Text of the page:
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· © 2011 Perspectives GmbH Towards practical application of CDM Standardized Baselines – Perspectives experience.

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Presentation on theme: "· © 2011 Perspectives GmbH Towards practical application of CDM Standardized Baselines – Perspectives experience."— Presentation transcript:

1 · © 2011 Perspectives GmbH Towards practical application of CDM Standardized Baselines – Perspectives experience and comments on latest regulatory decision-making Matthias Krey, Perspectives GmbH Latin American Carbon Forum, San José, Costa Rica, September 2011 Panel: CDM Standardized Baselines: latest policy developments and opportunities for application in LAC

2 · Analytical groundwork conducted 2 Commissioned by the UK Department for International Development (DFID) Project type Development of standardised methodology/case studies CharcoalCambodiaZambiaMali Water purificationLaosZambiaBenin Rural electrificationCambodiaTanzaniaBenin Step 1: Selection criteria Step 2: Selection Step 3: Evaluation Sector selection Identification of selection criteria for sectors Selection of sectors Evaluation of sectors shortlisted in step 2 Country selection Identification of selection criteria for countries Selection of countries (1)Criteria for evaluation of sector/country combinations (2)Evaluation of sector/country combinations 1 INCEPTION 2 DEVELOPMENT

3 · Various elements of standardisation are possible: -Deemed additionality, penetration rates, global benchmarks, default factors, minimum levels of service, statistical databases, omission of negligible sources of emissions, assumptions on usage patterns, aggregated default leakage, etc. Benefits… -Conservative default assumptions replace data collection, can unlock specific project types for which the determination of a baseline is cumbersome -Increased simplicity and decrease of transaction costs => greater mobilisation including small-scale Risks… -Environmental integrity -Achieving standardisation can be costly (data gathering) Development and operationalisation of standardised approaches requires resources and coordination -Selection of most appropriate project types and methodological concepts -Awareness-raising and capacity-building of project developers, NGOs and DNAs Lessons learned 3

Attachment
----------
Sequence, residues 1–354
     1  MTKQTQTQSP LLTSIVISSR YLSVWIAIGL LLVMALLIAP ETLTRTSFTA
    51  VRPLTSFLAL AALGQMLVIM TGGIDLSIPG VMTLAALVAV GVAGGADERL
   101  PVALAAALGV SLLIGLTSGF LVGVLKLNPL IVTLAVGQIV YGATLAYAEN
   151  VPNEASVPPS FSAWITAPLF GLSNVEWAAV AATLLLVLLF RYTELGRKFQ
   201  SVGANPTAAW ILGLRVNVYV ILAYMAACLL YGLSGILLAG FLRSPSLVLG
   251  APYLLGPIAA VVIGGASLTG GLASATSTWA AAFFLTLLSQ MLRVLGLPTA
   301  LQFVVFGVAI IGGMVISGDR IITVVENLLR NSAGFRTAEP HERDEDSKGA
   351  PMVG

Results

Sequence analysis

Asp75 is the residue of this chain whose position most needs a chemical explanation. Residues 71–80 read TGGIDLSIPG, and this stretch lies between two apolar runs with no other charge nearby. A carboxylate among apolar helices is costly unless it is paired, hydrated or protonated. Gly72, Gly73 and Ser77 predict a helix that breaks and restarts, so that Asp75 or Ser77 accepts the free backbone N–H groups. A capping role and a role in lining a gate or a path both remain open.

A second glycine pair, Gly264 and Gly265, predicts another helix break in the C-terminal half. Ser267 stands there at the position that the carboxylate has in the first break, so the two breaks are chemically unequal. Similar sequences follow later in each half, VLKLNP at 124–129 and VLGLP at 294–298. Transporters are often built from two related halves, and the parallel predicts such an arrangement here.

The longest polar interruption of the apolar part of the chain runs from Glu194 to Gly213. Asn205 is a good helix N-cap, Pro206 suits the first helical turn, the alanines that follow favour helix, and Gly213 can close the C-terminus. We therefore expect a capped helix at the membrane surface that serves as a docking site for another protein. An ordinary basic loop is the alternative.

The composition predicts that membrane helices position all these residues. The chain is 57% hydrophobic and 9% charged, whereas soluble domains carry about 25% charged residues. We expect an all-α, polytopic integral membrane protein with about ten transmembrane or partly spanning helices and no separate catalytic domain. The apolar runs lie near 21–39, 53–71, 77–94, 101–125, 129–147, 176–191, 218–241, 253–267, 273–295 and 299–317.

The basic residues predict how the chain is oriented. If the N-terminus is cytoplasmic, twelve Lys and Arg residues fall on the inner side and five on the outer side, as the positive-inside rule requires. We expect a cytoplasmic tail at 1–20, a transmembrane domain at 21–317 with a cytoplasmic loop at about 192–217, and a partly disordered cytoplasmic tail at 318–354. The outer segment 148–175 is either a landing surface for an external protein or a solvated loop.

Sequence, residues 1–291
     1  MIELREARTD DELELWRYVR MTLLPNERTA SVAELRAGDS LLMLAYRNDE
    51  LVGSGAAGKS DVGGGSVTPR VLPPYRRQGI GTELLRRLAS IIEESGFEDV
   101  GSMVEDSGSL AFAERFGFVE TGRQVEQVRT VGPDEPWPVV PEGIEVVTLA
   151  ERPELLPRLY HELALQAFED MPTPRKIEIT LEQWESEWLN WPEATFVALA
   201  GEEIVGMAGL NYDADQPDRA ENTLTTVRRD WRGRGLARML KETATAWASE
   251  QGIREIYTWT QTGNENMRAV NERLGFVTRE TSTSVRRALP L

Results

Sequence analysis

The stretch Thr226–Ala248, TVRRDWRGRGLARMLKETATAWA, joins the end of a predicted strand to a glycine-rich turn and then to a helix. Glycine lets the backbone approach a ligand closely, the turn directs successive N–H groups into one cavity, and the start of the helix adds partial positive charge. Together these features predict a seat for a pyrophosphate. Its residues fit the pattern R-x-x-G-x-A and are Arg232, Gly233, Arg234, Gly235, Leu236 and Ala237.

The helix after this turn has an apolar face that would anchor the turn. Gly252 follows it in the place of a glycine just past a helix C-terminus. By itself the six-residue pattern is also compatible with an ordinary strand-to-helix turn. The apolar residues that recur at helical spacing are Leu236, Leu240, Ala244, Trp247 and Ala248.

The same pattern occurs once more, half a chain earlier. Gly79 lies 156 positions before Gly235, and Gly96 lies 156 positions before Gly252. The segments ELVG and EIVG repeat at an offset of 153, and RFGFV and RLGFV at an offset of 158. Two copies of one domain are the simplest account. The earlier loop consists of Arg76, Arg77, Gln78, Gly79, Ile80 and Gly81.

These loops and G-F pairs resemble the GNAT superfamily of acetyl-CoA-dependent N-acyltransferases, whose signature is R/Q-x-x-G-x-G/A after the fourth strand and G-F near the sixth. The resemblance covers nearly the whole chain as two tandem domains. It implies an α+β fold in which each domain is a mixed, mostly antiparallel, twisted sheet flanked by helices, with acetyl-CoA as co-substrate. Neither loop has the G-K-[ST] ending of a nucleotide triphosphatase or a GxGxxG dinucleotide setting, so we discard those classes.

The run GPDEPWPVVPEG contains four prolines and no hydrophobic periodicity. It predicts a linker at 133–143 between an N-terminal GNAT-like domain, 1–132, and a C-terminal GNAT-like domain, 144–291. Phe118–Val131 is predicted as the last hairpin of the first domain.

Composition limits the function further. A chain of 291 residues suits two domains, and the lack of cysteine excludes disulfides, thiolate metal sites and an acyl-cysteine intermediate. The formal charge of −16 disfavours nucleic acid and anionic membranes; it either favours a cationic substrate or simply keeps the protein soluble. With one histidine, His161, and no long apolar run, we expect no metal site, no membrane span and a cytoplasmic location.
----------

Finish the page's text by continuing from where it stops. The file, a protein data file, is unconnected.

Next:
4 · Guidelines (GL) SBL (EB 62): -Sector coverage: Transport is not covered -GL provides on a very high-level definitions and procedures -EB understanding of SBL seems to be limited to default factors/benchmarks -The GL does not provide methodologies, and content of GL is only a fraction of required methodological work -Practical questions are not addressed -How will the Board (or the submitting DNA?) determine and justify benchmark level and based on which criteria (transparency, conservativeness, etc)? -What about methodology elements not addressed in the GL (e.g. applicability project emissions, leakage, etc) -How do (or will) SBL relate to existing methodologies (will they simply replace BL/additionality elements of existing methodologies) -If not, who is responsible for developing the missing elements for a full practically implementable methodology? Procedures (EB 63, consideration) -Only applicable for DNA submissions and based on GL, approved meth or tool -New form for submission of SBLs -What are the criteria for assessment of adequacy of the SBL? Comments on latest regulatory decision-making 4

5 · © 2011 Perspectives GmbH Many Thanks for Your Attention! Matthias Krey, Perspectives GmbH


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